Jordan MacTavish via Harvard Magazine

Check out this article discussing public interest design past, present, and future, in Harvard Magazine’s March-April 2015 issue by Stephanie Garlock. (Thanks for sharing Public Architecture!)

Quotes from the article:

“When it [architecture] only becomes about sculpture, it loses the key asset of architecture, which is that it can add tremendous value to people’s lives.” – Michael Murphy

“I became very interested in the opportunities that the design of the built environment had for achieving social outcomes.” – John Peterson

“If you can find what the aspirations of a community are, and you can use the design process to bring that forward, then you can do extraordinary things with your discipline.” – Maurice Cox


Photo © Mark Warren courtesy Architecture for Humanity For the Baguinéda center, which opened in Bamako, Mali, in 2010, architects Michael Heublein and Quarc Design used local stone and earth block to recall traditional Malian adobe and mud-brick buildings.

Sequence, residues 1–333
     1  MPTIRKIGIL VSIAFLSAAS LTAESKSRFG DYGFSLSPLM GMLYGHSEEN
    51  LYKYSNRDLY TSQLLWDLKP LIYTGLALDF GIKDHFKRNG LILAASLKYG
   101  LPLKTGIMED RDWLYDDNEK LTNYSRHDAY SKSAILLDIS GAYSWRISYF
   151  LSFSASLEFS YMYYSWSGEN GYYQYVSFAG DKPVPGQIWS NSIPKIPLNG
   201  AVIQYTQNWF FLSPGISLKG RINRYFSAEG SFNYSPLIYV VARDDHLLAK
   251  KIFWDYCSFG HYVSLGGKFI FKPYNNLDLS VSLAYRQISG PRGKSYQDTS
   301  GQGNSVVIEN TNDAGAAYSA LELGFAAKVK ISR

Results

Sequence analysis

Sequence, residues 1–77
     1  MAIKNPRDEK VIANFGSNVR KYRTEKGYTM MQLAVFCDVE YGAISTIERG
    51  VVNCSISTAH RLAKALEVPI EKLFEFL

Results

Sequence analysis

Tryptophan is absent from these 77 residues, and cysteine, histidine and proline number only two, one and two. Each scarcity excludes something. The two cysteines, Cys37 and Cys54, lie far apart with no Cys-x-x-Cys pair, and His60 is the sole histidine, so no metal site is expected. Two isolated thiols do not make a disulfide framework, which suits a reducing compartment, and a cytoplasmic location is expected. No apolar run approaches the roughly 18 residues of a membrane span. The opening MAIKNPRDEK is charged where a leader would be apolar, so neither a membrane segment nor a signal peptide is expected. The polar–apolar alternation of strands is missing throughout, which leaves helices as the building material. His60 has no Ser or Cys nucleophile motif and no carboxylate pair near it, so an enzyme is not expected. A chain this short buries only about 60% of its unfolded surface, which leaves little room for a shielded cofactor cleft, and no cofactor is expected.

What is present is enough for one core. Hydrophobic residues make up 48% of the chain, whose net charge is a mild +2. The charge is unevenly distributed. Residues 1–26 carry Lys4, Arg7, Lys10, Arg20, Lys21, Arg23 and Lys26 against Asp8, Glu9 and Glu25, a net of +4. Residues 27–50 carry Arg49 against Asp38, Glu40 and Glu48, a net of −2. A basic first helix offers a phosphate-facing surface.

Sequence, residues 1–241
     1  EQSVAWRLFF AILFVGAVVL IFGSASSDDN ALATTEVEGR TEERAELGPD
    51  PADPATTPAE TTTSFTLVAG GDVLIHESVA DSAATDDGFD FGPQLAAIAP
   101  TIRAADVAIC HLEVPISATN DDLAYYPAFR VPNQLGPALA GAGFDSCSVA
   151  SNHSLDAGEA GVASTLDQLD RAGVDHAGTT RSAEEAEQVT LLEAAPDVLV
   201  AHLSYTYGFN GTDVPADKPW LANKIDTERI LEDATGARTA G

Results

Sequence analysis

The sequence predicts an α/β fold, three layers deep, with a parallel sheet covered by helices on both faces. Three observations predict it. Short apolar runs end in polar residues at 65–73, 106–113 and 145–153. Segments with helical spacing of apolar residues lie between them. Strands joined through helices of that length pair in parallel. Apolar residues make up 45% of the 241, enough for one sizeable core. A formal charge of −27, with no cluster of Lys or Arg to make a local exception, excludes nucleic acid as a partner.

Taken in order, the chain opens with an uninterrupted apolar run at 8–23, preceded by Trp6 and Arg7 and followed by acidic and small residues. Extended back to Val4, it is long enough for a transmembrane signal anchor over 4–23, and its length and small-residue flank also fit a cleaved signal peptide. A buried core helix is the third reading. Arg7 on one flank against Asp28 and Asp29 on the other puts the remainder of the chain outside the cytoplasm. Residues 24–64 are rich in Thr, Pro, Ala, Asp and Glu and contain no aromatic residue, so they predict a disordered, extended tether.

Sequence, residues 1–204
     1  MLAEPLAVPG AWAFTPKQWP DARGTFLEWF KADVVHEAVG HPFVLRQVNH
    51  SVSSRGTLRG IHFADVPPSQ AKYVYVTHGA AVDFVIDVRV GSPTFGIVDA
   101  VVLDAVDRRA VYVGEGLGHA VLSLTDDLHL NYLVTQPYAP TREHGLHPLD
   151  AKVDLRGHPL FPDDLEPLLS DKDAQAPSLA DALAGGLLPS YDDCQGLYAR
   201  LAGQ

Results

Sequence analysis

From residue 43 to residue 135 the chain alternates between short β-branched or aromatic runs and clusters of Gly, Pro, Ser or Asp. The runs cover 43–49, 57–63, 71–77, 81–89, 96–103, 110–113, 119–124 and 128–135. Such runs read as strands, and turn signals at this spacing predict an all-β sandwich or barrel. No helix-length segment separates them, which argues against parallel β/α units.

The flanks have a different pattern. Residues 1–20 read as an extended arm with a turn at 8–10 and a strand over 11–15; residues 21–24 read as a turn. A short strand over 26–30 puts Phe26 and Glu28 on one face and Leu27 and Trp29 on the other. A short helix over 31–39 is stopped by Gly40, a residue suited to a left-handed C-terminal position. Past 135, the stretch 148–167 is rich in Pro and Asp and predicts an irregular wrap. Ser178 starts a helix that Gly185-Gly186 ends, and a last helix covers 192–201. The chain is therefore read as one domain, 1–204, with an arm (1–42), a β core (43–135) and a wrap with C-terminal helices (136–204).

The latest issue of Architectural Record highlights Architecture and Ethics. There is a great article on activist design, also known as public interest design, where Lamar Anderson describes its history within the field of Architecture. Listing many organizations such as Design Corps, Community Design Centers, Public Architecture, Architecture for Humanity (see the local chapter), Architects/Designers/Planners for Social Responsibility, and MASS Design Group, Anderson gives a full picture of what is happening with this movement and where it hopes to go. They key to make this last? Funding, nonprofits, & research.

“In our own time of growing humanitarian crisis, global climate change, and mounting concern over income inequality, activist architects are no longer relegated to the field’s fringes…Increasingly, public-minded architects are thinking like economists, widening their focus beyond buildings themselves to the communities they support.”

Read more by Lamar Anderson at Architectural Record.